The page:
Robust public finances are one way to create such resilience.
The question is: How can countries build tax capacity to sow the seeds of a healthy and inclusive economy, for the benefit of all citizens?
This, of course, requires a clear and comprehensive strategy that interlinks tax policy reform with revenue administration reform. In other words, what and whom to tax should go hand in hand with how you go about collecting these taxes.
- Tax policy reform
Let us begin by looking at the steps needed to design a comprehensive tax policy. A good first step is establishing a five-to-ten-year revenue target. After that, a comprehensive reform plan is necessary, aiming at long-term institution building rather than short-term fixes. Finally, collecting and disseminating good data is vital for making good decisions.
Why do we need revenue targets to begin with?
Because these are essential goal posts that can help you align your revenues with your spending—both in the short term and the medium term.
Key tax reform priorities
If tax reforms are to be successful and achieve their targets, policymakers will need to focus their tax policy on key priorities.
In the oil-exporting countries, this means diversifying the sources of revenue away from oil and gas.
As a first step, countries are introducing a VAT and other consumption taxes—for example on tobacco and sugar-sweetened beverages. Over time, governments may also consider deriving additional revenue from income and property taxation.
Countries in the Gulf, for example, are working to introduce a harmonized VAT in 2018. These efforts could raise anywhere from 1 to 2 percent of GDP, assuming a VAT rate of 5 percent.
The experiences in other regions underscore the positive impact of diversification. Mexico, for example, was able to boost its non-oil tax revenue by more than 3 percent of GDP by broadening the VAT base and raising energy taxes and personal income tax rates.
In the oil-importing countries the key priority is to generate higher revenue by broadening the base of existing taxes. Such reforms would make tax systems simpler, more efficient, and more equitable.
This requires, for example, rationalizing multiple VAT rates and other tax preferences. Some of the key measures here include simplifying the rate structure and getting rid of exemptions, tax holidays and other carve-outs that benefit only a few and create opportunities for arbitrage.
In some countries, tax reform also means making tax systems more progressive by lifting the top marginal tax rate on personal income. And of course, current tax rules should be applied in a consistent and coherent way.
More broadly, fiscal transparency and the sharing of reliable data are essential for the well-being of all countries. Why? Because they increase the accountability of governments and because they can boost the resilience of their economies—and that includes lower borrowing costs.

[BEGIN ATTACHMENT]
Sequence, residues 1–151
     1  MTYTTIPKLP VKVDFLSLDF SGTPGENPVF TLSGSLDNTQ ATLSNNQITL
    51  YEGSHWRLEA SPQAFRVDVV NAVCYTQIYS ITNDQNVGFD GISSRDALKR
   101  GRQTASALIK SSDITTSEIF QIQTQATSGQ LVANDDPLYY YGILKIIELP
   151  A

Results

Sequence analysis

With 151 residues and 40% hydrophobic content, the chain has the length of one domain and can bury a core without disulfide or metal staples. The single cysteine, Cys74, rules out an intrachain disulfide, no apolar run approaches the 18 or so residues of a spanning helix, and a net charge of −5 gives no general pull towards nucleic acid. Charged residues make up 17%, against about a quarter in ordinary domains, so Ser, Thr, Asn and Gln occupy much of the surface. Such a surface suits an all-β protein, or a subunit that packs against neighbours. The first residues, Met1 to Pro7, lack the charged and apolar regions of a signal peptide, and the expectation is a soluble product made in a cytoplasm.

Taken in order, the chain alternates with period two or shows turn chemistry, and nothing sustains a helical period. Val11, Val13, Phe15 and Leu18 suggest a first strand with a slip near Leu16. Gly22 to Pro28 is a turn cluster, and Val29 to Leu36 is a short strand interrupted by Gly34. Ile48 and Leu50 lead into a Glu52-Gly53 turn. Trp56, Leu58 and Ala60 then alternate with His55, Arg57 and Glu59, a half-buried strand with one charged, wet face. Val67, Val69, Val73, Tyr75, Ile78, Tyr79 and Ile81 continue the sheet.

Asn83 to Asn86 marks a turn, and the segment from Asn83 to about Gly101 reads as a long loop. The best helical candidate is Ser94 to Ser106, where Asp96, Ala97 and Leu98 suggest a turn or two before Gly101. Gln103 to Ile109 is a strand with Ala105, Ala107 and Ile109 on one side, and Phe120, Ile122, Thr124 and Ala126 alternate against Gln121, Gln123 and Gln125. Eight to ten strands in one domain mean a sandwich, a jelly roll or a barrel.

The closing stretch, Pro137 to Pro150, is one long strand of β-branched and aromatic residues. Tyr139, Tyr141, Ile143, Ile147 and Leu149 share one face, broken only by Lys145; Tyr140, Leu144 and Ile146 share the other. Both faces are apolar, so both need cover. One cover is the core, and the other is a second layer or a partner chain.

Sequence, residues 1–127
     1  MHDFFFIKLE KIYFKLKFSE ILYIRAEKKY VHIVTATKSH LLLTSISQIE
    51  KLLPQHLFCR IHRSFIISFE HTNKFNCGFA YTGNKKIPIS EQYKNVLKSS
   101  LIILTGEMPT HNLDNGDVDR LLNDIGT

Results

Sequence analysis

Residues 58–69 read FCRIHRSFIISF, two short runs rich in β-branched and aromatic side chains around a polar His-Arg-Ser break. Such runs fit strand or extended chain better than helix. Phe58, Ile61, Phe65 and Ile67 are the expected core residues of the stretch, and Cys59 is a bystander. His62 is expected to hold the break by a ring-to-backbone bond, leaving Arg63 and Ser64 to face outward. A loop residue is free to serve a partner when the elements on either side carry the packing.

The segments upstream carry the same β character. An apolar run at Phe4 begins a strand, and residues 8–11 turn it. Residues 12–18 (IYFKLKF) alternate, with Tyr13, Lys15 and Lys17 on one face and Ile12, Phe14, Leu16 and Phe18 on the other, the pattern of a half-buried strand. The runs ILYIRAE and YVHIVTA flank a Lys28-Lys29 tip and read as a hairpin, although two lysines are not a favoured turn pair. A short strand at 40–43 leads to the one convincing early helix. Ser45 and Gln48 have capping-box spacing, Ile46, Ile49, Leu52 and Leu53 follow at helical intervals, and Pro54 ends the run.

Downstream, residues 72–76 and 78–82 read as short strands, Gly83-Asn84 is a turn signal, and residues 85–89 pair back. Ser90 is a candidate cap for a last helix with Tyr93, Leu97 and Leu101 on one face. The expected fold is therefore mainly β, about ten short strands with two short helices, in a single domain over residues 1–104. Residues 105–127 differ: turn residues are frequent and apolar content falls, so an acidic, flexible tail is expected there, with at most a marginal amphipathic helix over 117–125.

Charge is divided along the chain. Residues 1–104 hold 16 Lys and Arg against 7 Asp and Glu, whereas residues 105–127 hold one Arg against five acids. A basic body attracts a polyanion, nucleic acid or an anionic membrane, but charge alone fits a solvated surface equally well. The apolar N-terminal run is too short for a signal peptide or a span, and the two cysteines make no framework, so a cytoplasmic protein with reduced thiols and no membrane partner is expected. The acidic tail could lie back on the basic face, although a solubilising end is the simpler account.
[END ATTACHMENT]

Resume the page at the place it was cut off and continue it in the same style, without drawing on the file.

- Integrating Tax Policy and Revenue Administration Reforms
The second step in designing a revenue strategy is interlinking tax policy reform with revenue administration reform.
This coordinated, simultaneous effort can help countries avoid some of the time-consuming troubles of the past. Traditionally, policymakers would often start with new tax policies and worry about administrative capacity later. By interlinking the two elements right away, countries can “leapfrog” to a more advanced development stage.
Mauritania, for example, took a series of coordinated actions with the help of the IMF to simplify and improve its tax system while strengthening its tax administration. This strategy contributed to a remarkable increase in total government revenue from about 20 per cent of GDP in 2009 to 28 percent in 2014.
So how can this be achieved?
By boosting the capacity of tax administration early in the reform process. This is essential to ensure both efficiency and compliance. Based on our experiences in other countries, we see two main priorities.
One is to simplify codes and regulations. This involves not only the laws on tax rates, but also the procedural laws establishing the powers of tax agencies and the rights of taxpayers.
The second priority is to upgrade peoples’ skills and technical resources to improve tax compliance and enhance services to taxpayers. This is where your countries can take advantage of technological innovations—to “leapfrog” into the digital age.
Modernizing the IT infrastructure allows for easier filing and payment by taxpayers, including through mobile technology. It also improves the ability to verify compliance using third-party data.
The efforts to build tax capacity are vital to achieving that goal. The economies and societies will reap the benefits of reform.